In today’s reading we find ourselves with the Israelites between the passover escape and the crossing of the Red Sea toward God’s promised land. Moses declares God’s instructions for Israel and for the future generations to come, which centre around the remembrance of their deliverance from Egyptian slavery. Two specific rituals are instructed:
The Feast of Unleavened Bread
Previously mentioned before the passover, this feast is a continuation from the Passover Feast and sees all Israel refrain from keeping and using any leaven, such as yeast, in their bread for seven days and it concludes with a feast. A couple of theological points could be drawn from this Feast. Firstly, leaven served to symbolise sin which when present increases; putting away leaven was a reminder to put away all sin before a holy God who judges righteously.
Secondly, the putting away of Leaven was to remind the Israelites of how suddenly and quickly God moved to rescue Israel from enslavement wherein they had no time to even allow their bread to rise.
Consecration of the Firstborn
The Israelites were to set apart sacrificially to God all the firstborn of Israel and of their livestock (vv.1-2, vv.12-14). For the Israelites, every firstborn child was to be redeemed (or reclaimed), by the price of a substitute lamb sacrificed in their place. For the much needed load-bearing livestock, namely donkeys, a lamb could be sacrificed as a substitute for their firstborn to be redeemed and if not the animal must be killed.
All this served to communicate a number of points. Firstly, the Israelites were to remember how God required of the Egyptians their firstborn and by the sacrifice of a substitute lamb God’s wrath passed over Israel and they escaped Egypt unscathed. Additionally, the Israelites were to remember that God’s salvation was costly – it came at the price of death to a substitute. Millions of livestock would die yearly to commemorate this event and highlight this point. Moreover, It was a prophetic signpost to the greater and more costly sacrifice of God’s Son Jesus Christ for the redemption of all mankind.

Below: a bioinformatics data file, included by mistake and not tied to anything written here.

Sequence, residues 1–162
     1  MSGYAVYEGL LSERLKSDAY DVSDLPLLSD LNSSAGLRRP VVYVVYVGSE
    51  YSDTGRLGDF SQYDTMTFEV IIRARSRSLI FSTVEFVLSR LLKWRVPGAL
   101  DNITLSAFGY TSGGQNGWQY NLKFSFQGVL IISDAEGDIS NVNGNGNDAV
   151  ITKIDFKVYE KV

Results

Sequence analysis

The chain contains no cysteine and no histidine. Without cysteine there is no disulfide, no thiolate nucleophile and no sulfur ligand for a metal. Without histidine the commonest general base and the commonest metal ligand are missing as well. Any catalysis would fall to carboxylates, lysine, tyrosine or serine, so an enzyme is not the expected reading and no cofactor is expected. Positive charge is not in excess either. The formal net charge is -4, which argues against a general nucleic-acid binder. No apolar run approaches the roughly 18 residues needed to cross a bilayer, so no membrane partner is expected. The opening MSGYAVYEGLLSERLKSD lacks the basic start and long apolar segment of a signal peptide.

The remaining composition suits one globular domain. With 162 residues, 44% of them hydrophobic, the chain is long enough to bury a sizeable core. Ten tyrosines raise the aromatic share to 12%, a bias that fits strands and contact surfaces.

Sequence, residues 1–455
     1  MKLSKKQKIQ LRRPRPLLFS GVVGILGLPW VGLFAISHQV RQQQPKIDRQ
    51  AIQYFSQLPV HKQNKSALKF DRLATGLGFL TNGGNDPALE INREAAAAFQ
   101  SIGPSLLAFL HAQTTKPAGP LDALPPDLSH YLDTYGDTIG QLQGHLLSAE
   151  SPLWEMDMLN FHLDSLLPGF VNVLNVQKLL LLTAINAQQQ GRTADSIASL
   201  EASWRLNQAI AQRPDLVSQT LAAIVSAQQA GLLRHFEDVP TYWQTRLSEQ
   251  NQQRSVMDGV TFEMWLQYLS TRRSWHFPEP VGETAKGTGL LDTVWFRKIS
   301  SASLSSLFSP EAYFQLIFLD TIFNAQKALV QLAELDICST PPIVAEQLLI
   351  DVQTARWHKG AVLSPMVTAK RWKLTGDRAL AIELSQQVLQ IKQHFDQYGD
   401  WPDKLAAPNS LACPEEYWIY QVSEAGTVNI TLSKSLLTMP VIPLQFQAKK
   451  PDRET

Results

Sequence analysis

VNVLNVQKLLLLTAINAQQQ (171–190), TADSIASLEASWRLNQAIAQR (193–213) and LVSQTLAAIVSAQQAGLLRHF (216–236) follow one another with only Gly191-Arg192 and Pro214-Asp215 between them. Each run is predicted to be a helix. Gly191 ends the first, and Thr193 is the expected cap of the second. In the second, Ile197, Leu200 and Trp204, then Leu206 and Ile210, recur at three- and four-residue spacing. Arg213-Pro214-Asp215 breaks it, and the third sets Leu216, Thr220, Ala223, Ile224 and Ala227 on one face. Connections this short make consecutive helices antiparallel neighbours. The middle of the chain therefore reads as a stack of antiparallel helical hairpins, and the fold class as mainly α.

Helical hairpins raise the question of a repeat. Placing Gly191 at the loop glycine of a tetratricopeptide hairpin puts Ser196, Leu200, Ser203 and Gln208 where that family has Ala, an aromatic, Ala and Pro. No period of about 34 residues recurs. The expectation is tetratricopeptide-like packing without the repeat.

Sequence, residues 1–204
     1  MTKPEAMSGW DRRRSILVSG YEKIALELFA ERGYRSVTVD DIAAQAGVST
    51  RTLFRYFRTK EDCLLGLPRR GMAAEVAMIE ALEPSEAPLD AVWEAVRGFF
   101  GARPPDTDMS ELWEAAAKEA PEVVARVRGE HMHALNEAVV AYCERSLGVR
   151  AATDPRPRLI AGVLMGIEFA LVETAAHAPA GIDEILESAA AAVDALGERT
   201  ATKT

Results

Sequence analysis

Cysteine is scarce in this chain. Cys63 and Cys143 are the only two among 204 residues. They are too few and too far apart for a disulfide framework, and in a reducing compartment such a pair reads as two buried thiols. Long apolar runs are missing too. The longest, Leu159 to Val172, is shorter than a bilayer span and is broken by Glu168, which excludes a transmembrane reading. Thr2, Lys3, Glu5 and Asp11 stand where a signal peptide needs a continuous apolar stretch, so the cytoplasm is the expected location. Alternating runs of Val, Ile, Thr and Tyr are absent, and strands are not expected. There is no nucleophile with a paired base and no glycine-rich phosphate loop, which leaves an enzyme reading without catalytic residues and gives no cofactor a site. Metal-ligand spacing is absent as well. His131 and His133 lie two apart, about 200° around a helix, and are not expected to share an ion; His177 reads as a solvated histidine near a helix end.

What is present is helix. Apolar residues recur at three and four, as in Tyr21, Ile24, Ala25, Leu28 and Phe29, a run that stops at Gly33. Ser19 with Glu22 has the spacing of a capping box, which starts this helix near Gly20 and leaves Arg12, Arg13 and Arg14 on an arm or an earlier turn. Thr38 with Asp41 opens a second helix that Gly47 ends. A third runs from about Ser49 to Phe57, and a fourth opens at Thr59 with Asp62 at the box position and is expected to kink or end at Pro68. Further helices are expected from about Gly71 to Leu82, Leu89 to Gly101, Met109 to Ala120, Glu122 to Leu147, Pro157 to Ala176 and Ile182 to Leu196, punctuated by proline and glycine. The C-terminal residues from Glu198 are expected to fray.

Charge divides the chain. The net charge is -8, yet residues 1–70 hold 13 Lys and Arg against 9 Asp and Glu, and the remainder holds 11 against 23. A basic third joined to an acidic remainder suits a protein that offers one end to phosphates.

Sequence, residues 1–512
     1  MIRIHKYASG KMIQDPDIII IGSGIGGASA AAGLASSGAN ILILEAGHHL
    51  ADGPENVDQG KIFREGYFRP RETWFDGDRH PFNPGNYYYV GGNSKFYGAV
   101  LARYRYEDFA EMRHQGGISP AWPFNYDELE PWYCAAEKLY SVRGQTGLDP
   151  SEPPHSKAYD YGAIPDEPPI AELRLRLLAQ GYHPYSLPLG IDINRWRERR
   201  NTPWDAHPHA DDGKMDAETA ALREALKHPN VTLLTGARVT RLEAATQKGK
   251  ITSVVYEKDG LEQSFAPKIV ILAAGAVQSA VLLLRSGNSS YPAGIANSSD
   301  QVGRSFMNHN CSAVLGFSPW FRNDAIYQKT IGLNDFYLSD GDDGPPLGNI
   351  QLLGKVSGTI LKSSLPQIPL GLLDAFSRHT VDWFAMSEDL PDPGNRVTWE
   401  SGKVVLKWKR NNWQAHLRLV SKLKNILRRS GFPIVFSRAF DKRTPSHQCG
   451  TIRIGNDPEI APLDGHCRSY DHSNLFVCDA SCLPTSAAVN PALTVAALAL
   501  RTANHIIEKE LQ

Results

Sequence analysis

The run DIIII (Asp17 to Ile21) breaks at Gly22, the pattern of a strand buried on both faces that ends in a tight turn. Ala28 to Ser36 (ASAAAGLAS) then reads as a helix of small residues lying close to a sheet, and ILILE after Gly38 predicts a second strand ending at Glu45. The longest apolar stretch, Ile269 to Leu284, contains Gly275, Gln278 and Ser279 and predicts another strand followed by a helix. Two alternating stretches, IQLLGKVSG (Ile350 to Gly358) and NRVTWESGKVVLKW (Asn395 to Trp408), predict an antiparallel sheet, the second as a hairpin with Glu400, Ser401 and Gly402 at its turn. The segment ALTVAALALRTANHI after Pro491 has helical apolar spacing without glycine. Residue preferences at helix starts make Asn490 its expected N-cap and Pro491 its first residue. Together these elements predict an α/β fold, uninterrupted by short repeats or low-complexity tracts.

As believers in Christ we must never lose sight of the sheer magnitude of the cost of our salvation – the spilt blood of God. In essence, we are indebted to God, and compelled to consecrate and devote ourselves to serving him though we could never fully pay for what God had sacrificed for us. Paul captures this in his letters to the churches where he implores “..You are no longer your own; you were bought at a price. Therefore honour God with your bodies” (1 Corinthians 6:19-20) and “present your bodies as a living sacrifice, holy and acceptable to God, which is your spiritual worship” (Romans 12:1). God’s redemption translates to deliverance from sins followed by transformed lives.
Pillar of Cloud and Pillar of Fire
The story of the exodus points to the deeper spiritual reality that God’s deliverance from death isn’t His chief blessing, rather his uppermost blessing is His presence. We see in the account following their deliverance, God doesn’t simply now leave the Israelites to fend for themselves. Instead God’s presence leads the Israelites in a pillar of cloud by day and a pillar of fire by night. His glory was incredibly physically manifested before them, as if He were almost taking them by the hand through their hard journey. What joy and security they must have felt. Whatever journey you’re on today, trust that God intends the very best for you; you knowing, enjoying and being led by His presence into all good paths, are all part of this..